New York Natural Heritage Program
Golden Corydalis
Corydalis aurea Willd.
Dicots

Best Life Stage for Proper Identification [-]
Golden corydalis is best identified when in flower.

Similar Species [-]
Corydalis flavula, the only other yellow-flowered corydalis in New York, has similar leaves but its flowers are about half the size of those of C. aurea, and have a prominent crest or wing on the outer petal not found in golden corydalis. Corydalis flavula also is typically found in wetter and/or less open sites than C. aurea.

Golden corydalis may grow alongside Corydalis sempervirens (Rock Harlequin, or Pale Corydalis), which has pink to purplish flowers. In vegetative form C. aurea differs from C. sempervirens by its less glacous leaves and stems, more sprawling habit, and more finely dissected leaves.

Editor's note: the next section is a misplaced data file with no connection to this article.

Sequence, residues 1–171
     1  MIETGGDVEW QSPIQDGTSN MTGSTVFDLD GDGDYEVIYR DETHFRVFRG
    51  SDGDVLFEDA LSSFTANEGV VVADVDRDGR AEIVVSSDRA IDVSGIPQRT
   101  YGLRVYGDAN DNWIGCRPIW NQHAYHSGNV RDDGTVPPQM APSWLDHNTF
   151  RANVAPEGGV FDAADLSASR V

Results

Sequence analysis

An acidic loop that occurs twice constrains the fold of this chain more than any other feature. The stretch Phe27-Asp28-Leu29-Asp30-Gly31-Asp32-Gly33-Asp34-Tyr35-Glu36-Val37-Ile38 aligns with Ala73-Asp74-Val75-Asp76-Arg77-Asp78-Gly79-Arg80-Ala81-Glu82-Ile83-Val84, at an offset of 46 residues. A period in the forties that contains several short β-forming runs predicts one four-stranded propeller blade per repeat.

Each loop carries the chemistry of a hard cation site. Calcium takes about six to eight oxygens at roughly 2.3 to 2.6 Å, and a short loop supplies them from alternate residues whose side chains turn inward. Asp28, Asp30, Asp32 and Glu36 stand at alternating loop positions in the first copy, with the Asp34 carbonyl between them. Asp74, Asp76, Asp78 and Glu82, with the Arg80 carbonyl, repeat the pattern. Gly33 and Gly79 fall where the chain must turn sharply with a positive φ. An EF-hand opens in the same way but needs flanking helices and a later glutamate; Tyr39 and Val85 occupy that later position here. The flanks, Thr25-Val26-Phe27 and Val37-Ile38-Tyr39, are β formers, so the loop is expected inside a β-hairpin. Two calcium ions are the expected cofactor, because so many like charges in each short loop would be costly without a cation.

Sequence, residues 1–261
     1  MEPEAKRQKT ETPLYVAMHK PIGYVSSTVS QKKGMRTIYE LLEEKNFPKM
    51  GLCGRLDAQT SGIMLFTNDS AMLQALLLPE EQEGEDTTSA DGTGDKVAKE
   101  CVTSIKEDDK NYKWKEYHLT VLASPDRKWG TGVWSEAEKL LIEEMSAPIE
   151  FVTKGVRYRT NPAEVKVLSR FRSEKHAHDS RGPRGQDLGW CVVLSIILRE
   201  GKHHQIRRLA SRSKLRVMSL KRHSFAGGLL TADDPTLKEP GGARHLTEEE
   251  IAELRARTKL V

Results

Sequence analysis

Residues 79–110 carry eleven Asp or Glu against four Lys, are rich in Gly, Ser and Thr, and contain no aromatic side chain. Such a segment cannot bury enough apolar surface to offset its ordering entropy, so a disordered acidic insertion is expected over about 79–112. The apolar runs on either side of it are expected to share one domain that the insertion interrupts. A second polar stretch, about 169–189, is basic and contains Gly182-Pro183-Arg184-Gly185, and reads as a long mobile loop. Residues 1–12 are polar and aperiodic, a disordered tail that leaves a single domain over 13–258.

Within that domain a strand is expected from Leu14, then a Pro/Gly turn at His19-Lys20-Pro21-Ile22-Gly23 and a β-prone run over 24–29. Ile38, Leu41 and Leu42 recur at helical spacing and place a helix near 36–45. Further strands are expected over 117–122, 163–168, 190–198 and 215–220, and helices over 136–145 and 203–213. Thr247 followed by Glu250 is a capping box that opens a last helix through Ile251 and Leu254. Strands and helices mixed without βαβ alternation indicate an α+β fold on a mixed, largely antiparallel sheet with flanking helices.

Golden Corydalis Images
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The Best Time to See
Golden corydalis may be found flowering from May into September; fresh flowers found in late summer may be the product of fruit from early-blooming plants of the same season. The leaves senesce but persist into flowering and fruiting. Flowering specimens are best for identification and collection purposes.
J F M A M J J A S O N D
Flowering Fruiting
The time of year you would expect to find Golden Corydalis flowering (blue shading) and fruiting (orange shading) in New York.